sodium soy sauce

2 tablespoons Chinese black

   vinegar or balsamic

   vinegar

2 tablespoons sugar

1 tablespoon minced garlic

1. Trim the tough outer leaves from the bok choy and discard. Rinse the stalks and leaves and drain. Cut the stalks in half lengthwise. Cut the halves diagonally into 2-inch sections.

2. In a bowl, toss the scallions and ginger with the bok choy sections. Arrange on a heatproof platter.

3. Mix the ingredients of the dressing and pour into a serving bowl.

4. Preheat the oven to 450 degrees. Place the salmon steaks on top of the greens. Pour several inches of water into a roasting pan and heat until boiling. Carefully place the platter of salmon and vegetables on top of a rack or steamer tray in the roasting pan. Cover the top of the pan tightly with aluminum foil. Bake 7 to 9 minutes, or until the fish is cooked.

5. Serve the salmon from the heatproof platter or arrange the steamed vegetables and salmon on individualplates. Spoon the dressing on top and serve with brown rice.

- Adapted from A Spoonful of Ginger By Nina SimondsPer serving: 430 calories, 44 grams protein, 32 grams carbohydrates, 14 grams fat, 105 milligrams cholesterol, 480 milligrams sodium, 4 grams dietary fiber.


Spicy Garlic Broccoli With Pine Nuts

Makes 6 servings

11/2 pounds broccoli

1/4 cup pine nuts

11/2 teaspoons canola or corn oil

11/2 teaspoons toasted

   sesame oil

1 teaspoon hot chili paste or

   3/4 teaspoon crushed dried chilies

2 tablespoons minced garlic

21/2 tablespoons rice wine or

   sake, mixed with 2

   tablespoons water

For the sauce:

1 tablespoon reduced-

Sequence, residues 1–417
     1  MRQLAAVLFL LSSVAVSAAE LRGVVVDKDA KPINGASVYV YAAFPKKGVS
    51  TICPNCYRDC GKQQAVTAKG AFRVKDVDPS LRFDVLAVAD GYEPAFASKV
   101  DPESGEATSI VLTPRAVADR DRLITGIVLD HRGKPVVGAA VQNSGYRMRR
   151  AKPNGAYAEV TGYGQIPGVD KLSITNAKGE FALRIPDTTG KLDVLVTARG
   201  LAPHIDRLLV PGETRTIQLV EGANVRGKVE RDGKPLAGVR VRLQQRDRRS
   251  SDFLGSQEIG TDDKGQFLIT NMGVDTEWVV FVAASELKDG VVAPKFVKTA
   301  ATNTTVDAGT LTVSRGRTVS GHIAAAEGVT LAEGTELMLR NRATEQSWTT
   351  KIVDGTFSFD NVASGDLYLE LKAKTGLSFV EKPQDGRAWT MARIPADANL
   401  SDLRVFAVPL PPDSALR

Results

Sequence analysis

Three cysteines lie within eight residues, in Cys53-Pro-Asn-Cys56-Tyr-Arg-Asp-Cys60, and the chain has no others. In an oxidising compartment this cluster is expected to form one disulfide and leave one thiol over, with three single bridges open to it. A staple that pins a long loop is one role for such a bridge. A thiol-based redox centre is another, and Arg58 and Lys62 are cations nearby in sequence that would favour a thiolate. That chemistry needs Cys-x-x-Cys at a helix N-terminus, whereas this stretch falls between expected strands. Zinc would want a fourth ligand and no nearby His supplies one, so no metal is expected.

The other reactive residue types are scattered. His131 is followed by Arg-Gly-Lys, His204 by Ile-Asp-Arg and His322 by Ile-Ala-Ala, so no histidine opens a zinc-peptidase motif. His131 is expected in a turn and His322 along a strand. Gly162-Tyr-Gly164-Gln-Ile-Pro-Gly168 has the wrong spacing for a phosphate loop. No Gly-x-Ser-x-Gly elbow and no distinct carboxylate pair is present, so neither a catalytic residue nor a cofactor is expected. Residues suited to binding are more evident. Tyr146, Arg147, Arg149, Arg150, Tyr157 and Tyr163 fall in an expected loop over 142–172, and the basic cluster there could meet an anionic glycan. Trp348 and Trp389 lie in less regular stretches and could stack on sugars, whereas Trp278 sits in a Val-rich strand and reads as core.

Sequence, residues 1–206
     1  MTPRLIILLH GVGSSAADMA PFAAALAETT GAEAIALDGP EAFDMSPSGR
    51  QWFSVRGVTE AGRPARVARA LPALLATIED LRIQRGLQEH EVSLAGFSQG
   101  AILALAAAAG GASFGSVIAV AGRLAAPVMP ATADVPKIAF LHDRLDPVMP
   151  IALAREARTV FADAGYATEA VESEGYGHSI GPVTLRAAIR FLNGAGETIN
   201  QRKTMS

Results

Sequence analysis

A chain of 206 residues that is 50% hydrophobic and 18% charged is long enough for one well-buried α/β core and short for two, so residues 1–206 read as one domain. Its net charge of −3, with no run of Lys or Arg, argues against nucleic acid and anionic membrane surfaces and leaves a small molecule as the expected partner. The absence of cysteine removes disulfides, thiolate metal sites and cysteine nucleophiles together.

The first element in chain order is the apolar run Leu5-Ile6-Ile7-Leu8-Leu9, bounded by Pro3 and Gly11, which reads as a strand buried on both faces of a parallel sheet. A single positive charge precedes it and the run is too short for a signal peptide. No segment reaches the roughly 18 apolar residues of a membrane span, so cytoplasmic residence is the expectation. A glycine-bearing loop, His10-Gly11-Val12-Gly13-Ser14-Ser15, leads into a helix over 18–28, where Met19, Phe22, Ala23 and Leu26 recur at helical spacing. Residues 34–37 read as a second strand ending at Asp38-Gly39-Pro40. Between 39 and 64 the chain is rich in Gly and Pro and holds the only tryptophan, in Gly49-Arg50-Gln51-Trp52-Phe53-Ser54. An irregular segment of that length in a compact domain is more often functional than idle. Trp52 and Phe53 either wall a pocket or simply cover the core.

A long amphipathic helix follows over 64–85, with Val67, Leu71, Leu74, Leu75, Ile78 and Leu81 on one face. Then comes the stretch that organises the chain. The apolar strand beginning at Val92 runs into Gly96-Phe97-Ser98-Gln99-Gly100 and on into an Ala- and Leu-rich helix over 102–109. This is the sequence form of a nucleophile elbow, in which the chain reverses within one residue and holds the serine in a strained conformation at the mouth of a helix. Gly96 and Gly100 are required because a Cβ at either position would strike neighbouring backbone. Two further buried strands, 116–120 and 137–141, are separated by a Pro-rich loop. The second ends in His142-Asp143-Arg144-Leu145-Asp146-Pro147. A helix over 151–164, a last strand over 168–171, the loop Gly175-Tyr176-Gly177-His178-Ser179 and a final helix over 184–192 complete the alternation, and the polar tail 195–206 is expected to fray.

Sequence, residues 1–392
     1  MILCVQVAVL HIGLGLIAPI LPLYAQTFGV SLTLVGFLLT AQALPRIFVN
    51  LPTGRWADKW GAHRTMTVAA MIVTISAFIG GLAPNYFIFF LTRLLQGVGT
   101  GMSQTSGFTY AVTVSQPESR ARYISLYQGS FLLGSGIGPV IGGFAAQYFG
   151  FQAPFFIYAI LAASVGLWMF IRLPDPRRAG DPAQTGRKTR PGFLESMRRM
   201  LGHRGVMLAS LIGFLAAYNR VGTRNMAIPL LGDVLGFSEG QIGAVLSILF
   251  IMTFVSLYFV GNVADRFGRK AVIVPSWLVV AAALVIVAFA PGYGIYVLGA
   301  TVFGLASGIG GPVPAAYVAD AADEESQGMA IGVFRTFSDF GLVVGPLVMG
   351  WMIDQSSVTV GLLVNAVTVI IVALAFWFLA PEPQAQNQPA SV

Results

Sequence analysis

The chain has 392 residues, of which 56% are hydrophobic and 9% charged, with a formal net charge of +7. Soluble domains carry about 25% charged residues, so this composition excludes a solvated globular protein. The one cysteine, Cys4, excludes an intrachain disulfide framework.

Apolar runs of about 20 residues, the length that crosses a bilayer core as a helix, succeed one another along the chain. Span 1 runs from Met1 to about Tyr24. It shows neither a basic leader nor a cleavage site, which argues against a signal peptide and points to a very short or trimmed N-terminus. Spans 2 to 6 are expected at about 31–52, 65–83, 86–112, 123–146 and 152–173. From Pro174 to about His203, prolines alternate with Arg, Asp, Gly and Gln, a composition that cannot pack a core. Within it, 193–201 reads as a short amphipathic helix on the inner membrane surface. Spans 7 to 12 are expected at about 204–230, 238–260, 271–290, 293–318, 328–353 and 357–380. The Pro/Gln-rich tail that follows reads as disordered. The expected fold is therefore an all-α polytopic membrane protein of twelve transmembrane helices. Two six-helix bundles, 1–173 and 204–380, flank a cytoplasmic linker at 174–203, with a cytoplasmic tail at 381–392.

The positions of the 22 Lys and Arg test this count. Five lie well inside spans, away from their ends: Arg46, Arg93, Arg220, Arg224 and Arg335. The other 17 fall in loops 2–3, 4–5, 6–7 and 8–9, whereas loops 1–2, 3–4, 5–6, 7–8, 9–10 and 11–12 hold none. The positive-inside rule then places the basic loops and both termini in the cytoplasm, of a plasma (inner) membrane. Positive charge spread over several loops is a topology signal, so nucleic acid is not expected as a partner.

sodium soy sauce

1 teaspoon sugar

1. Trim the ends of the broccoli, separate the florets, peel the outer skin of the stem and cut it on the diagonal into 1-inch lengths.

2. Toast the pine nuts until golden in a 300-degree oven, turning them occasionally so that they cook evenly for about 20 minutes.

3. Heat a wok or large skillet, add the oils, and heat until hot, about 20 seconds. Add the chili paste or crushed chilies and garlic, and stir-fry, tossing with a slotted spoon over medium heat until fragrant, about 15 seconds. Turn the heat to high. Add the stem sections of the broccoli and stir-fry. Pour in the rice wine and water and cook, tossing, about 30 seconds, then cover and cook about 11/2 to 2 minutes, until the stems are just tender. Add the florets and toss over high heat, cooking for about 1 to 11/2 minutes or until just tender.

4. Add the premixed sauce and toss lightly for 15 seconds. Add the toasted pine nuts and stir-fry a few seconds to combine the ingredients. Scoop the ingredients into a serving bowl and serve immediately.

- Adapted from A Spoonful of Ginger by Nina SimondsPer serving: 119 calories, 4 grams protein, 13 grams carbohydrates, 5 grams sugar, 7 grams fat, no cholesterol, 239 milligrams sodium, 3 grams dietary fiber.